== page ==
Sex offender followed Dublin woman into her home and demanded her underwear
A convicted sex offender who harassed his neighbour by following her into her apartment and ordering her to give him her underwear has been jailed for 18 months.
Padraig Hopkins (41), who has been on the Sex Offenders Register since he was sentenced to four years in prison in 2008 for a false imprisonment and a sexual assault charge, also took the woman’s bra and knickers from the laundry room in the apartment block and wore them before asking her what she thought.
Hopkins, of The Glen in Waterford, pleaded guilty at Dublin Circuit Criminal Court to harassing Rutha Sventriata on June 26, 2014 at Leinster Road in Rathmines.
Garda Paul O’Hara told prosecuting counsel Fionnula O’Sullivan BL, that Ms Sventriata lived in the same apartment block as Hopkins. When she arrived home from work, she saw Hopkins at the front door.
He followed her into her apartment and screamed at her to give him her underwear. He then ran away when she screamed at him.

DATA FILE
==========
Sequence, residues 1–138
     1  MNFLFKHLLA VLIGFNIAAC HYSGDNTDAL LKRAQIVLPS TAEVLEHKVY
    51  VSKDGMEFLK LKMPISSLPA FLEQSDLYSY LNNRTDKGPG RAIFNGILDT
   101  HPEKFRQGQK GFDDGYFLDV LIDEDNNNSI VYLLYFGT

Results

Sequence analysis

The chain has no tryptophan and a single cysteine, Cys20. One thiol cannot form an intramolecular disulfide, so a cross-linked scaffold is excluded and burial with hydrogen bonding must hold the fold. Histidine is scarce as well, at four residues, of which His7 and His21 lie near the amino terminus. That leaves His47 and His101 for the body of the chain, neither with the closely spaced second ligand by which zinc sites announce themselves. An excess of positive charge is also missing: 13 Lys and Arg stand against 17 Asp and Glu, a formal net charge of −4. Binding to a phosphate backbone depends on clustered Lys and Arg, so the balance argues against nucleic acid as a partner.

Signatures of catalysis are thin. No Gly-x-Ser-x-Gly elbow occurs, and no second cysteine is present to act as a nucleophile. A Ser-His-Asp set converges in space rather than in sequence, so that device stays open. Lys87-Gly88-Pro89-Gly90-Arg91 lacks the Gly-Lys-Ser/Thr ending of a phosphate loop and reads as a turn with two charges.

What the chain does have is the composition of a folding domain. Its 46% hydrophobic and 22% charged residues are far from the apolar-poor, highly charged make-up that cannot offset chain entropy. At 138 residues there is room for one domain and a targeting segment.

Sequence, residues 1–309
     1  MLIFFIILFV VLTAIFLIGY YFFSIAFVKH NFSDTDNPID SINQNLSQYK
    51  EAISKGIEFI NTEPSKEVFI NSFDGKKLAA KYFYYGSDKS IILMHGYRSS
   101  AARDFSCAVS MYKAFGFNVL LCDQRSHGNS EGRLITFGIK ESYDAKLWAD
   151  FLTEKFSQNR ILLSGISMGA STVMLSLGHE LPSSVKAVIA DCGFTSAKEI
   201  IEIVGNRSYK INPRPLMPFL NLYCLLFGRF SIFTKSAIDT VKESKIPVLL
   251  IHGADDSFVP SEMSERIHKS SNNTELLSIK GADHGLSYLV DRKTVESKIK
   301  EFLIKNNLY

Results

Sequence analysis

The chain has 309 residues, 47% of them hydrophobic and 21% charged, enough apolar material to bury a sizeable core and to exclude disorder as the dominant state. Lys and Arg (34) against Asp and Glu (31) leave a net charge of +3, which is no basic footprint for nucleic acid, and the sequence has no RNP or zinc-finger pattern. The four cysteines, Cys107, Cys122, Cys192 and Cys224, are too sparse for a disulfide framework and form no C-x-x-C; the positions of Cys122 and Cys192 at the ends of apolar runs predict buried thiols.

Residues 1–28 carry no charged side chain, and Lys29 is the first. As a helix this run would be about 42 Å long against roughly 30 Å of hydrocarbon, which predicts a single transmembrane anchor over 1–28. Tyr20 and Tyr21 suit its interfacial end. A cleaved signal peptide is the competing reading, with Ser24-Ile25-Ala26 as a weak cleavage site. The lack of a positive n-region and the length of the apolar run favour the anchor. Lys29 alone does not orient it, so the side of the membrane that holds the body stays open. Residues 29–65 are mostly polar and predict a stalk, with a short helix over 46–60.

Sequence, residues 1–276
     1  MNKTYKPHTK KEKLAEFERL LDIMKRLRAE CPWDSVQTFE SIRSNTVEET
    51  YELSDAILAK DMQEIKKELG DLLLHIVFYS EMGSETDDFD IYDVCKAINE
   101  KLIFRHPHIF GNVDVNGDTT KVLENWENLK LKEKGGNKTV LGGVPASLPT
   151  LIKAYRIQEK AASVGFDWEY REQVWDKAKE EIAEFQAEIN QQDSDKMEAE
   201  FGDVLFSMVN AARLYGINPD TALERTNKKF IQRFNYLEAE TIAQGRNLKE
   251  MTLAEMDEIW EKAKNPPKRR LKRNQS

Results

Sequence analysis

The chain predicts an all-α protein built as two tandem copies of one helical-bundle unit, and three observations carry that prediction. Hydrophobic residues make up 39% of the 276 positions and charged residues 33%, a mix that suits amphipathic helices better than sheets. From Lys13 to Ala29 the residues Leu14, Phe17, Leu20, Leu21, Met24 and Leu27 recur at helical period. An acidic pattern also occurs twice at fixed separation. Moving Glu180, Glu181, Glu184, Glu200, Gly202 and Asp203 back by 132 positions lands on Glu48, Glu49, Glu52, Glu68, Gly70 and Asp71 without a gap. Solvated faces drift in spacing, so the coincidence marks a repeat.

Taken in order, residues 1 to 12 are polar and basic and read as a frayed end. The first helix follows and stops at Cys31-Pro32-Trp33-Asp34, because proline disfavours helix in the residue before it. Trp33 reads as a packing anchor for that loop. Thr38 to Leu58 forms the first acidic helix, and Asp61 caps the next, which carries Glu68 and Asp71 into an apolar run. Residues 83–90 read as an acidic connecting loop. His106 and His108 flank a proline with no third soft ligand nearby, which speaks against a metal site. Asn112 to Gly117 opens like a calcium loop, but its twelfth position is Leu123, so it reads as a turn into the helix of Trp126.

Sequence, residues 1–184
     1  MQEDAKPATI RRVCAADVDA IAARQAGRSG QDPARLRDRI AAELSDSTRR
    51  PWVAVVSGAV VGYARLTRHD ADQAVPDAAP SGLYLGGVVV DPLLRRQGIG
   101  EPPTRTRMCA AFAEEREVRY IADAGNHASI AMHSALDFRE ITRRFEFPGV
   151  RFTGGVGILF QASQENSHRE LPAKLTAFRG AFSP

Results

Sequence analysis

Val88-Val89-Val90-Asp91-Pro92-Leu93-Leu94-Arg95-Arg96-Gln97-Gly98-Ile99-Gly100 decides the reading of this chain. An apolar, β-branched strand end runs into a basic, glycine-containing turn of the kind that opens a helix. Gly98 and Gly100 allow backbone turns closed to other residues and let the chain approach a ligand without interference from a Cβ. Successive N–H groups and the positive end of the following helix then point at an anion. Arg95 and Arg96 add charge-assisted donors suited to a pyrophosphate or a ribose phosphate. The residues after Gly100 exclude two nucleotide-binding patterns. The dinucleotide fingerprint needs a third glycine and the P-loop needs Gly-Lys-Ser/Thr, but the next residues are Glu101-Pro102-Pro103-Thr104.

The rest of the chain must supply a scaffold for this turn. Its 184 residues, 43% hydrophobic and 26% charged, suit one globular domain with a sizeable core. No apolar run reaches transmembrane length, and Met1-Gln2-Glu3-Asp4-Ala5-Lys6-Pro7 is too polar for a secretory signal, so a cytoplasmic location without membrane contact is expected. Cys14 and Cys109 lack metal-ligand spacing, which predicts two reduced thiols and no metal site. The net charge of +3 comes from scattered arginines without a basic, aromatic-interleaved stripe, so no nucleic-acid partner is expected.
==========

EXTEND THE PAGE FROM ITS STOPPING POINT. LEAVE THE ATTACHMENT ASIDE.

Gda O’Hara told the court that prior to this incident Ms Sventriata went to collect her laundry in the basement when she saw Hopkins wearing her underwear, causing her to scream at him.
Hopkins was arrested and admitted he followed her into her apartment and said he had wanted to tell her that he was moving out and she had no reason to be afraid of him. He admitted he had been stealing her underwear from the laundry room for around a month.
Judge Martin Nolan noted that Hopkins had a difficult personality and his behaviour towards the injured party in this case had been “insidious and threatening.”
The judge imposed a three year sentence with the final 18 months suspended.
He told the court that had the facts in this case wouldn't have seemed so serious if taken in isolation, but he had to consider Hopkins's previous sexual assault conviction when sentencing.
Hopkins, who has 16 previous convictions, claimed he was sexually assaulted as a child by a now deceased neighbour and that female underwear formed part of the abuse he suffered.
Defence counsel, Kevin McGrave BL, said the reason for his offending was rooted in acts committed on him as a child.
Gda O’Hara agreed that no threats or violence were used against Ms Sventriata and that Hopkins said he had been drinking all night before the offence.
Mr McGrave said the defendant was keen to get into a programme to receive regular treatment.
Judge Martin Nolan noted the psychological report showed Hopkins to be a “very damaged human through no fault of his own.”
“He has been left scars of sexual abuse and he has reacted in a certain way,” said Judge Nolan, adding that “the public have a right to be protected.”
By Nicola Donnelly